January 19, 2011
By Darla Martin Tucker
RIVERSIDE, Calif. – (www.lasierra.edu) La Sierra University’s on-going Pierce Street Jazz series will showcase the sizzling grooves of the Francisco Aguabella Memorial Latin Jazz Ensemble at the LSU Alumni Center.
The band will feature industry pros Sal Cracchiolo on trumpet, Benn Clatworthy on saxophone and flute, Brian Velasco on piano, Brian Wright on bass, Christian Moraga on conga drums, and Jorge Carbonell on drums.
Admission is free. The concert will be held today, Jan. 19, 7 p.m., at the La Sierra University Alumni Center, 11500 Pierce St., Riverside. For more information call 951-785-2148.
The ensemble carries on the tradition of its namesake, the late, great Afro-Cuban percussionist, Francisco Aguabella who pursued a long and wide-ranging career in jazz and salsa. Aguabella, who passed away last May, garnered the respect of numerous musicians and music professors. He was recipient of a national heritage fellowship from the National Endowment for the Arts and taught at the University of California, Los Angeles. He was also featured in a documentary in 1995.
The band members have years of experience performing and recording with top acts and studying music. Below are a few of their stories.
Cracchiolo, a native of Long Beach, began studying trumpet with his mother at age 12. By age 15 he began performing with rhythm and blues and Latin bands and studied with legendary trumpet educators Jimmy Stamp and Bobby Shew.
Cracchiolo has performed and recorded with a long roster of music’s greats, including Poncho Sanchez, with whom he recorded 18 albums. With Sanchez, he has played and recorded with Dizzy Gillespie, Freddie Hubbard, Cal Tjader, Chick Corea, Stanley Turentine, Tito Puente, Gary Foster and many others. With Sanchez and other acts, Cracchiolo has performed in 39 countries around the world and played in many top-flight jazz festivals.
His worldwide tours have included those with Tom Jones, Vicki Carr, Harry Connick and Brian Setzer. He and his wife, vocalist Melanie Jackson, perform in their own sextet. In 2001 their album, “Fly,” was nominated for a Latin Grammy. Sal Cracchiolo has also played on arrangements by John Clayton for artists Queen Latifah, Michael Buble, Gladys Knight, Charles Aznevour, John Pizzarelli, Joss Stone and Diana Krall. He is a Yamaha artist and clinician.
Clatworthy was born in England in 1955. He has been a resident of Los Angeles, Calif. since 1980 when he arrived for a two-week visit and never left, he said. He studied the horn with saxophone guru Phil Sobel.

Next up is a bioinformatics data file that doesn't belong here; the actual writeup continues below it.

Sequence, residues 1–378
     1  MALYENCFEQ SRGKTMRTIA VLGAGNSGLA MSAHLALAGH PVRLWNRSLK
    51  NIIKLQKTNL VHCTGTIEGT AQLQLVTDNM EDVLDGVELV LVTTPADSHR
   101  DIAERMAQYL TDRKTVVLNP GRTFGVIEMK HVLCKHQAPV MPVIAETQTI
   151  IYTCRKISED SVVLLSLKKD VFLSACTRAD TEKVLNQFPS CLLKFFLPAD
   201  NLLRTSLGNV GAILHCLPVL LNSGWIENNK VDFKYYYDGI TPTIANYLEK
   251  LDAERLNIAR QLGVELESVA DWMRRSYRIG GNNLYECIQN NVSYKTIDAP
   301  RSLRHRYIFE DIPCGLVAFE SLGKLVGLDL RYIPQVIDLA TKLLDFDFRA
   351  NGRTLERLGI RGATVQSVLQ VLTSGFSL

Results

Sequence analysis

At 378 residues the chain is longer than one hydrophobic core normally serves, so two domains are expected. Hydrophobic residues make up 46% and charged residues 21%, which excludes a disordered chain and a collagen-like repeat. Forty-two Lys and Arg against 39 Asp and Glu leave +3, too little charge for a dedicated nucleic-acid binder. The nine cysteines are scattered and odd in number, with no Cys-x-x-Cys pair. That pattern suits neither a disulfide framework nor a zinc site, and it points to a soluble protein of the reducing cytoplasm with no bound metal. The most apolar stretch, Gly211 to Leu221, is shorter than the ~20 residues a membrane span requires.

Clatworthy has worked with: Cedar Walton, Francisco Aguabella, Otmaro Ruiz, Cecilia Coleman, Lionel Hampton, Jimmy Cleveland, John Heard, Roy McCurdy, Jon Mayer, Tony Insalaco, Jeff Berlin, Martin Drew, The New Jazz Couriers, Alan Barnes Nonet, Anita Wardell, Tony Lujan, Larry Gales, Alex Acuna, Johnny “Hammond” Smith, Ray Armando, Henry Franklin, Bobby Shew, Pete Christlieb, Garcia brothers, Carl Burnett, Al "Tootie" Heath, Jimmy Branly, the Ebonic Blues Orchestra, Theo Saunders, Gary Novak and Dave Carpenter. His album releases include “The Decider” and “Luminessence.”
Bassist Wright is a highly active player in the San Diego music scene. Performing on upright, as well as electric bass, he has been playing for 36 years. Before moving to California, he studied at Michigan State, where he had the opportunity to perform with many great bands that visited the campus. Career highlights include a performance with the Count Basie Orchestra. He regularly plays with Hollis Gentry, Carlos X. Pena, the Del Bybee Big Band, and Wayne Foster, and has recorded with Jaime Valle and Alex Acuna.
Conga drummer Moraga, a native of Santiago, Chile, eventually landed in the United States where as a teenager he learned the art of drumming from a professor in Illinois. He returned to Chile and began playing professionally until his keen interest in learning more about various forms of percussion took him to several countries. He traveled to Cuba and studied with master percussionist “Changuito,” and later attended the Harbor Conservatory of the Performing Arts in New York. He then backtracked to Peru to learn Afro-Peruvian percussion. Back in Chile he played 10 years with rock-funk, Latin jazz and jazz big bands. He is now a Los Angeles resident. Moraga has performed with Nestor Torres, Kevin Ceballos, Oscar Cartaya, Fruko y sus Tesos, the Banda Brothers, Jimmy Bosh, Tito Nieves, Johnny Polanco y su Conjunto Amistad and many others.
PR Contact: Larry Becker
Executive Director of University Relations
La Sierra University